How do IT decision makers and pros define unified communications (UC), and who are the real UC decision makers within enterprise organizations? Answers: "Who cares?" and "You may be surprised."
Firstly, based on my interactions with IT decision makers/managers, my opinion is that most do not have time to care about how unified communications is defined, and even if they did, I still contend that they're not interested in an exacting, indisputable definition of unified communications. A universally accepted definition of unified communications isn't what matters to adopters.
Unified communications: What's really important to end users?
I concede that I was as guilty as most media types (editors, writers, analysts and the like) of overvaluing the importance of a precise, consistent definition of unified communications. There was and remains a great deal of confusion about what UC is,
However, I realized early on that the majority of IT managers and decision makers I speak with approach unified communications in a near utilitarian fashion. Quite simply, they want to know what unified communications technologies are available (or will be available) to relieve business process pain points of the workforce they support. They are looking for proven collaboration tools that reduce human latency/increase productivity and sharpen their company's competitive edge.
Another issue that is important to IT managers -- one that is rarely discussed -- is fulfilling the innate ambition to be acknowledged by upper management and peers for a job well done. Procuring the right UC tools and manifesting an unequivocal return on investment (ROI) not only demonstrates the core competencies of an individual, but also spotlights his technical acumen and strategic vision. The weak economy has a silver lining: More people have new responsibilities -- a.k.a., a fast-track opportunity to show off a wider skill set, clinch their current position, increase promotion prospects and bolster their resumes.
Who are the UC decision makers?
Over the past few years, the economy has forced companies to do more with less. Almost every branch on the organizational chart is heavier with additional responsibilities, and inevitably (let's call it gravitational workflow) some of those responsibilities fall to other branches. By and large, IT departments, for example, are being told by upper management: Here's the problem -- find a way to fix it.
Developing a unified communications strategy was formerly based on a consensus among business groups and IT departments. Now, the onus of finding best-fit communication and collaboration solutions falls on IT. Selecting unified communications solutions that have short-term ROI, typically within 12 months, is the new baseline. If a rollout is successful -- excellent; if not, the weight of a failed implementation that was once distributed across business groups and IT now falls squarely on the shoulders of IT managers.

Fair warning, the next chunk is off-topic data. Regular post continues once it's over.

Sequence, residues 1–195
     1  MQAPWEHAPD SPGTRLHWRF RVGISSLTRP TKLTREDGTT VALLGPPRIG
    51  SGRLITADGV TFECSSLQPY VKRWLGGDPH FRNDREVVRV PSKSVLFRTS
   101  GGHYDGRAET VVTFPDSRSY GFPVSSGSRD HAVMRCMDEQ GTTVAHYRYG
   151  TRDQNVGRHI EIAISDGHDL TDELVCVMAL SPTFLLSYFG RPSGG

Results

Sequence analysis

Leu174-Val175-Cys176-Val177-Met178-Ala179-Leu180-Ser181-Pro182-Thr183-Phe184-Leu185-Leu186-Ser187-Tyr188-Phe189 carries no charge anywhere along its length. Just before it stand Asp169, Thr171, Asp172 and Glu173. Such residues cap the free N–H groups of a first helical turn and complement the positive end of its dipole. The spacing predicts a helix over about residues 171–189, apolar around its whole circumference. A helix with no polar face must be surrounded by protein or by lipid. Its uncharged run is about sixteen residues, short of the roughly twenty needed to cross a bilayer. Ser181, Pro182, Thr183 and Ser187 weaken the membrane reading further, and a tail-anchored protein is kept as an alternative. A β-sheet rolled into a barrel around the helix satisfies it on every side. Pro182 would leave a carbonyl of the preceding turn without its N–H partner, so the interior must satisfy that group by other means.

At the recent VoiceCon Orlando conference, I spoke with an enterprise-level IT executive for the healthcare industry who was anxiously trying to pull together a viable short- and long-term unified communications strategy. This obligation had fallen under his purview during the economic recession, but with the recent passage of the healthcare reform bill, he explained, upper management will be buried and will have even less time to be bothered with the details of unified communications rollouts.
In a roundtable discussion at VoiceCon Orlando, a panel of end-user enterprise executives discussed how they approached their respective unified communications strategies and implementations. The session was kicked off by the question: What does UC mean to your organization?
Though all the panelists described what they hoped to achieve with their investment in unified communications in different ways, the core objectives were the same: centralizing or unifying communications on a single platform so users can access everything from a single screen, reduce human latency and incorporate video conferencing into their day-to-day workflow.
When asked who makes the UC decisions within their organizations, each panelist shared a similar game plan. First, they identify the rough patches in the workflow process by listening and surveying what employees want and need to do their jobs better, and then they prioritize those needs and hand the matter to IT to figure out how to make it work.
If there weren't so many inherent organizational challenges deploying unified communications within the various groups that make up IT, this approach to UC deployment (identifying pain points, prioritizing needs, and allowing IT find the best tool or set of tools to fix the problem) could be an effective one. But network, telecom and systems managers/departments don't see eye-to-eye -- and don't have much interest in doing so.
While it's encouraging that unified communications solutions are finding their way into the enterprise based on end-user and business needs, there is still some fine-tuning to be done with the orchestration. Rest assured -- we're getting there.